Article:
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Exchange traded funds have an edge over regular mutual funds on tax efficiency

by Wayne Cheveldayoff, 2004-09-02

On the issue of tax treatment, Canadian mutual funds and exchange traded funds (ETFs) have many similarities. But there is an important difference with respect to capital gains that can give ETFs the edge.

Here is how Howard J. Atkinson, an executive at ETF-manager Barclays Global Investors Canada Ltd., introduced the subject in a recent book entitled, The New Investment Frontier II, A guide to Exchange Traded Funds for Canadians:

“I once heard an accountant say that for most investors the only thing you can do legally to mitigate taxes is to deduct, divide and defer. The three ‘D’s’ he called them. Deduct the maximum allowable expenses, divide the income by income splitting as best you can, and defer paying taxes for as long as possible. One of the ways to defer tax is to avoid realizing your capital gains every year. ETFs are particularly good at letting you control your capital gains.”

Let’s take a look at how this works for individual investors who have the money to invest in ETFs or mutual funds outside of their registered plans (RRSPs, RESPs, or RRIFs).

Most of the made-in-Canada ETFs are invested in stocks that make up an index and they therefore generate some dividend income and capital gains – and possibly some interest and foreign income – just like conventional equity mutual funds.

The income (including the capital gains generated from trading within the ETF) is distributed and flows through to the ETF holder, just like it does to the mutual fund holder, and at the end of the year, the ETF administrator sends out a T-3 detailing the nature and amount of income generated that year.

A key difference is that since ETF managers do so little buying and selling within the fund compared to what active managers typically do within the equity mutual funds they manage, the amount of capital gains flowing out to investors is generally lower for ETFs than it is for mutual funds (although it is not always the case since some equity mutual funds have very low turnover).

As the higher capital gains are distributed from mutual funds, they are taxed, and this leaves investors with less after-tax with which to build their wealth.

As the accountant might have put it, many mutual fund holders are losing out on the third ‘D’, namely “defer paying taxes as long as possible.”

To put it another way, the equity mutual funds that are actively traded and are generating out-sized capital gains distributions have to perform better than ETFs on a total return basis just to equal the after-tax return of ETFs.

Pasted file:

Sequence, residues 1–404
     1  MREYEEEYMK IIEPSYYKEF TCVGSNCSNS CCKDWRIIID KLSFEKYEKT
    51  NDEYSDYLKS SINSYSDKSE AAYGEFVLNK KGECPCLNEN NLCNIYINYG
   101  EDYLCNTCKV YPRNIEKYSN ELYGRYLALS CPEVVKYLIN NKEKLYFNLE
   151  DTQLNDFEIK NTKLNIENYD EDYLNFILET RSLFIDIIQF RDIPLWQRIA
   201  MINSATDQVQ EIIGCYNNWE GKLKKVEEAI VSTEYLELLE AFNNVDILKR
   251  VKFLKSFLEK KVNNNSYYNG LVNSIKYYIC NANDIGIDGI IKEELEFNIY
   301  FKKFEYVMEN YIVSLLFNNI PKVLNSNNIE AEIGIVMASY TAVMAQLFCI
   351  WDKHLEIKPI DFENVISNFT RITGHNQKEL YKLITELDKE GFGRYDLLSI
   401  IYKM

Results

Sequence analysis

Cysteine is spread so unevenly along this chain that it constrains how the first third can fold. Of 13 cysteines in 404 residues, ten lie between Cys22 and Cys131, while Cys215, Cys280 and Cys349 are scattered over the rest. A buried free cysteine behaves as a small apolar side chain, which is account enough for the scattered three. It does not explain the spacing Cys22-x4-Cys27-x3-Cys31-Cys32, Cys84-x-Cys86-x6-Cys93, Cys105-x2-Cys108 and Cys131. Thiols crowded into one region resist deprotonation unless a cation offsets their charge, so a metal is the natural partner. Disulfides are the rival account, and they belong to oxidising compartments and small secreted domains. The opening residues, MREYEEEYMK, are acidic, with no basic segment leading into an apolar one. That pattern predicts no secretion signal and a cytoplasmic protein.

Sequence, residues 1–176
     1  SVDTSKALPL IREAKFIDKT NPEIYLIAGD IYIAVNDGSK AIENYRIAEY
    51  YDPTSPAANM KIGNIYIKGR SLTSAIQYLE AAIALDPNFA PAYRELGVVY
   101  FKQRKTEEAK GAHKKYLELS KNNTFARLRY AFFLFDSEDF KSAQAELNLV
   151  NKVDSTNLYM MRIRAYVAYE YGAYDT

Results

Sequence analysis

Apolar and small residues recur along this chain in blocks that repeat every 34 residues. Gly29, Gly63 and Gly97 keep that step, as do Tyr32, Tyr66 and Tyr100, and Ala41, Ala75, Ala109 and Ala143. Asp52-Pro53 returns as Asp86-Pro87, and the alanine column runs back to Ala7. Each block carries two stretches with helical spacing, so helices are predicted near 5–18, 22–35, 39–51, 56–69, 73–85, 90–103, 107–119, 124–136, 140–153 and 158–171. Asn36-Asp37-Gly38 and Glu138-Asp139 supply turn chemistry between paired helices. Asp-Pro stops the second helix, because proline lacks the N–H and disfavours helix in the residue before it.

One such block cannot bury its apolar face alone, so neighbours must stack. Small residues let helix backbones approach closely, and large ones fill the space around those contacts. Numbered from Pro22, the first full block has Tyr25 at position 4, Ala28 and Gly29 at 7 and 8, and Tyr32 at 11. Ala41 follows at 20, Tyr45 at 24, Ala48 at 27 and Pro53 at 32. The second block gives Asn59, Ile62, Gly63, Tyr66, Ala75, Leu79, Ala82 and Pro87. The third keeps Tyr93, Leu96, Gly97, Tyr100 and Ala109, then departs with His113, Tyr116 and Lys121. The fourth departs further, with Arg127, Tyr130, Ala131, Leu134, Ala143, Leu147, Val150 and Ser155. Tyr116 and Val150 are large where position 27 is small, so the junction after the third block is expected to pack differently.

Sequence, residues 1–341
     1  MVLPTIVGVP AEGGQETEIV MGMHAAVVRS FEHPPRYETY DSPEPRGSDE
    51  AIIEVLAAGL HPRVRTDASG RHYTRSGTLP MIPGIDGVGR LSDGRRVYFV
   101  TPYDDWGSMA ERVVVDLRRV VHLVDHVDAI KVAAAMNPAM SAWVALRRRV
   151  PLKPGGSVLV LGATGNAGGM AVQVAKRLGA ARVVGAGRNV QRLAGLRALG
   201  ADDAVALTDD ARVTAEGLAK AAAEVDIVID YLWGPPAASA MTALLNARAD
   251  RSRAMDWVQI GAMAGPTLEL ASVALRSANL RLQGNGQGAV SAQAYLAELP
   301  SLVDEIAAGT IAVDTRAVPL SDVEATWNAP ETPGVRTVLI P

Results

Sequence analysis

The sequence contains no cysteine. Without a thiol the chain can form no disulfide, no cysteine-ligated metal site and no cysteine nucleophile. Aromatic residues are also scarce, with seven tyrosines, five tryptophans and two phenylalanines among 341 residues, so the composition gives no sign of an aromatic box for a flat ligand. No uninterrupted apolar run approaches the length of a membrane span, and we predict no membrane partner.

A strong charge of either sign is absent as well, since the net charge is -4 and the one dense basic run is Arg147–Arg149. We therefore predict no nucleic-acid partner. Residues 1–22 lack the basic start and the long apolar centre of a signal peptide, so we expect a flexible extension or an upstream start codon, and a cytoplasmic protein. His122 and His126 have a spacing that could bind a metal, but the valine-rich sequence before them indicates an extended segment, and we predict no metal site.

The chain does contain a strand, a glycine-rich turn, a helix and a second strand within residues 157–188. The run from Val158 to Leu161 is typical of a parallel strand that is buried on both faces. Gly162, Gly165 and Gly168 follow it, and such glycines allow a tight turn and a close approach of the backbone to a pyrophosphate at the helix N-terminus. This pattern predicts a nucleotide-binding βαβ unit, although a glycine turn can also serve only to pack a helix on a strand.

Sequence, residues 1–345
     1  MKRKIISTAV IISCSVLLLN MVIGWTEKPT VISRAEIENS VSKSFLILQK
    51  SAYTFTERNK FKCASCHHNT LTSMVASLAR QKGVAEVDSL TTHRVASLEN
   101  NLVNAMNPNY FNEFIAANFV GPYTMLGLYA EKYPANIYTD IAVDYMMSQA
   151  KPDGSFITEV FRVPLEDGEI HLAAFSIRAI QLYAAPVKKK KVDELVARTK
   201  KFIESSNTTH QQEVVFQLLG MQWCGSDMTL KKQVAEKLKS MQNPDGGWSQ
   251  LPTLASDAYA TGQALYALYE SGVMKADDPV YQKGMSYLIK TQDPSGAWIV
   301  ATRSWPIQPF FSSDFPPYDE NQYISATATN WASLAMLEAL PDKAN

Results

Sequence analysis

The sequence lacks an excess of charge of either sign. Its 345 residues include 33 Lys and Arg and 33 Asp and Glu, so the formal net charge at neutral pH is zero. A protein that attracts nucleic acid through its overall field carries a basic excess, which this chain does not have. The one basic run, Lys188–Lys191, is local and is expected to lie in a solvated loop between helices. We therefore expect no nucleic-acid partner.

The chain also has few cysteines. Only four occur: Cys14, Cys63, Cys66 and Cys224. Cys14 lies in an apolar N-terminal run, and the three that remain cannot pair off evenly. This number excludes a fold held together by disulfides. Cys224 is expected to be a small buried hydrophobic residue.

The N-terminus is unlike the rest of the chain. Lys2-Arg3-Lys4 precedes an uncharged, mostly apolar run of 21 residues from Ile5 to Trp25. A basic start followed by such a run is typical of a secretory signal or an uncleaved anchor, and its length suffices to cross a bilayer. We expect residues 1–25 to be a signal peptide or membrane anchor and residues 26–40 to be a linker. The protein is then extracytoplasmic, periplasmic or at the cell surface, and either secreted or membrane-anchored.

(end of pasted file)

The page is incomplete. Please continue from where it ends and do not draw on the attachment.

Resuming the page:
It is important to note that what is being discussed here are the capital gains generated by trading within the funds, not the capital gains generated by the buying and selling of the units (either ETFs or regular mutual funds).

The potentially better tax efficiency of ETFs is one of the reasons, in addition to lower annual management fees (as low as 0.17 per cent for ETFs versus 2.5 per cent or more for equity mutual funds), that investment advisors sometimes recommend ETFs to certain types of investors.

ETFs may not be better for all investors because there are other considerations as well, such as the commission costs of purchasing ETFs, which in Canada are traded on the TSX. Such commission costs make ETFs less suitable than mutual funds for small-sum monthly investment plans.

Many individual investors feel more comfortable if their money is being actively managed and with good reason. In the 2000-2002 bear market, many actively managed mutual funds outperformed the index-linked ETFs.

Barclays is the main issuer of ETFs in Canada, with 12 listed on its website at

The Barclays’ I-units are linked to several broad and narrow indexes, including indexes for the S&P/TSX 60 and gold, energy, technology and financial stocks and five-year and 10-year Canadian bonds.

Investors also have access on the Barclay’s site to a research paper by Price Waterhouse Coopers entitled “Understanding the Tax Implications of Exchange Traded Funds” (click on investor resources, then research papers).

This paper is a must-read for any investors thinking about or already investing in ETFs outside of registered accounts, especially if the investments include ETFs issued in the United States. The taxation of U.S.-based ETFs is complicated by the fact that U.S. ETFs are corporations (whereas Canadian ETFs are mutual fund trusts) and U.S. ETFs don’t specifically separate capital gains from other income in reporting distributions.

Also, since owning a U.S. ETF is the same as owning a U.S. stock, there are U.S. estate tax considerations for larger holdings.

Wayne Cheveldayoff is a former investment advisor and professional financial planner. He is currently specializing in financial communications and investor relations at Wertheim + Co. in Toronto. His columns are archived at and he can be contacted at

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©2004 Wayne Cheveldayoff